HENRICO, Va. (WWBT) - News of a fourth resident’s death at Canterbury Rehabilitation & Healthcare Center due to COVID-19 has left dozens of families worried about their loved ones at the facility.
On Thursday, the Richmond & Henrico Department of Health Director, Dr. Danny Avula, announced a man in his 70s had died at the long-term care center that morning. The Administrator confirms it was due to COVID-19.
This comes after three other residents at the facility died of COVID-19 while hospitalized for treatment. Those cases involved a woman in her 80s, and two men in their 60s and 70s.
"I hope this starts to put into perspective that people are actually dying and will continue to die,” Avula said. “We've got to do everything we can to keep them safe."
As it stands, Canterbury Rehabilitation & Healthcare Administrator, Jeremiah Davis, said 17 residents have tested positive in the last 12 days; two remain hospitalized; 11 are being treated on site; 6 health care workers have also tested positive.
Avula added at least 16 other residents are being monitored after showing symptoms.
At this point all COVID-19 positive residents have been isolated, along with residents who have symptoms. Residents who tested positive are being treated by dedicated nursing and certified nursing assistant staff.
"The staff are also separated,” Avula said. “The staff are dealing with the symptomatic individuals who are cohorted for that."
“The safety and health of Canterbury residents and staff remain our primary concern,” Davis said. “We continue to work closely with local and state health departments and are taking guidance from the Centers for Disease Control (CDC) protocols to help contain further spread of the virus. Additional measures have included the implementation of an industrial cleaning service to provide full and ongoing decontamination of the facility. This includes both daily deep cleaning and the incorporation of six hydroxyl generators, which create airborne hydroxyl radicals that treat pathogens in both the air and on surfaces.”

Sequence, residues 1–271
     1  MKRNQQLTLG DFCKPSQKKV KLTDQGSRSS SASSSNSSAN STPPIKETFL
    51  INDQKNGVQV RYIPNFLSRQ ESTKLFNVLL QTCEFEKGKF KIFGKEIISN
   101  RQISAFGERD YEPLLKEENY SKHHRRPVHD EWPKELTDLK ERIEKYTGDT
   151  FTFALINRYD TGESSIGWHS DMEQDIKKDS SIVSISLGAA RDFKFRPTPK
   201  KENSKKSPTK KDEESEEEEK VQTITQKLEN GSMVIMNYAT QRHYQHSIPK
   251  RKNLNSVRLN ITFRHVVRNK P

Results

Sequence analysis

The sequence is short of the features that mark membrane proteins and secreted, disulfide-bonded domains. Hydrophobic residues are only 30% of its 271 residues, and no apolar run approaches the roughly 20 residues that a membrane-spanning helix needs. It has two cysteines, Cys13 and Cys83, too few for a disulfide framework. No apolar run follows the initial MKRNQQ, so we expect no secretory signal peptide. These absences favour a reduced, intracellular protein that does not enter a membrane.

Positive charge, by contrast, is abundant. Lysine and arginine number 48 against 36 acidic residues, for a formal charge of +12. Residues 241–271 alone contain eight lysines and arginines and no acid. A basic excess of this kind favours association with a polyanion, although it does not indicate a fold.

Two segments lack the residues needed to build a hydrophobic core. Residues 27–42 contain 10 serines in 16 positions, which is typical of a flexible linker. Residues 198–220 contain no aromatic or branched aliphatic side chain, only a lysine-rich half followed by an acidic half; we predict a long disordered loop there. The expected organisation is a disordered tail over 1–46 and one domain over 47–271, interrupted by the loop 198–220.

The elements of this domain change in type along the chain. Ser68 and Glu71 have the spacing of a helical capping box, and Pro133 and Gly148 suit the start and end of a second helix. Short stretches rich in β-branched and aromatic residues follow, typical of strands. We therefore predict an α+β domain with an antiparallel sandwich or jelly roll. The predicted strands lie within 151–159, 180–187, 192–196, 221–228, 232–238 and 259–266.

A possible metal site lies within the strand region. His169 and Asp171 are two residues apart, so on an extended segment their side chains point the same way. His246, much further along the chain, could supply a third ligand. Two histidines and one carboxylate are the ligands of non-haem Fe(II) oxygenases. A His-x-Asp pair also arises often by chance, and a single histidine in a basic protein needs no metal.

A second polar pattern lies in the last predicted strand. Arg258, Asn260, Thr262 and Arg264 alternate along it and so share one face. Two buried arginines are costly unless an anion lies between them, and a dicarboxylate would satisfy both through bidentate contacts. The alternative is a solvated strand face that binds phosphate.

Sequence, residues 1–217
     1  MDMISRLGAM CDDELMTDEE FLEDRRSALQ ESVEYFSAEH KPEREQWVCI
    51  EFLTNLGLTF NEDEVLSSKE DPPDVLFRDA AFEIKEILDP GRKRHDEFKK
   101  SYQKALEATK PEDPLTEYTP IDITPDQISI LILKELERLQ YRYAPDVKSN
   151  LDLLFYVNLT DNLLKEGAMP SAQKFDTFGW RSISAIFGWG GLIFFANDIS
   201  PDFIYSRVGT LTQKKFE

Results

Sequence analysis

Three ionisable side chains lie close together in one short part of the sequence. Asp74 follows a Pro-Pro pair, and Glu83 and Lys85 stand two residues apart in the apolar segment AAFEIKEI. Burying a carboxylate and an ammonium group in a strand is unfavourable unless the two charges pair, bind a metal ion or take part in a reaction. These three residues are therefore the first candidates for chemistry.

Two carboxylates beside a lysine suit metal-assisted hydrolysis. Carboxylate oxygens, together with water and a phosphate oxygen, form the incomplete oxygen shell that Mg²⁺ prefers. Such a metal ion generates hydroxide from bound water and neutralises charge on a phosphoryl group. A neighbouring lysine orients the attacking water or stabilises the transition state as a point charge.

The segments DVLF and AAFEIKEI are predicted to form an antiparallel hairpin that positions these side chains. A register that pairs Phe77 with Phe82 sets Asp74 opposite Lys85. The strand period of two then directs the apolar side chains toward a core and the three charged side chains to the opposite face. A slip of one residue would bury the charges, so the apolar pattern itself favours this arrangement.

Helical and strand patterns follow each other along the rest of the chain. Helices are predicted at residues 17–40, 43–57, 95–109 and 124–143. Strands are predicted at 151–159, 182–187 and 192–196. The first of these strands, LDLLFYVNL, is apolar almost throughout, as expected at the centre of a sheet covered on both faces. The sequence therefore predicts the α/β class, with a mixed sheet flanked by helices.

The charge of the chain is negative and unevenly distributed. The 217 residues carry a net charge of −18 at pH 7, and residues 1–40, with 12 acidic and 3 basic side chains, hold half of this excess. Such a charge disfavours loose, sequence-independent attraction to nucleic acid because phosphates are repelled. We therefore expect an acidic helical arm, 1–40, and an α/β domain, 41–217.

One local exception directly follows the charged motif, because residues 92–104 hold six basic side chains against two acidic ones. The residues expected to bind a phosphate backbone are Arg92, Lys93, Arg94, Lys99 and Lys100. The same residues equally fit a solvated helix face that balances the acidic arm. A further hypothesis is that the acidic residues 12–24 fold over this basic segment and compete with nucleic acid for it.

On Tuesday, Avula said health leaders conducted an onsite visit to see what was being done to ensure resident safety.
“They came back very impressed with the infection control measures the facility had made,” he said.
A full summary of that report can be viewed here:
“Overall feeling, I’m a little on edge,” said LaTonya Oliver. “Not hearing anything doesn’t make it any better.”
Oliver’s grandmother, Viola, is a resident in her 90s at Canterbury Rehab and has been there for several years.
The outbreak of COVID-19 at the facility has left Oliver and her family extremely worried. She said after the first case was announced they heard from administrators.
“But all these other cases that have been going on we haven’t heard anything since then,” Oliver said.
The Medical Director for the facility, James Wright, said on Wednesday he reached out to each family with a COVID-19 positive loved one. Other Canterbury workers apparently reached out to the families of all other residents.
Oliver said she tried to call the facility multiple times but didn’t get any answers, leaving her worried about her grandmother possibly being monitored for symptoms due to various health issues.
"I'm praying she isn't but I still haven't heard anything,” she said. “So it just makes me worry."
Thursday afternoon Oliver said, “My mom received a phone call about my grandmother. They said she was fine. We didn’t get to talk to her, but at least they finally gave us an update.”
The facility also mentioned they are establishing a dedicated phone line explicitly for families with questions and continue to encourage “virtual” visitations with loved ones.
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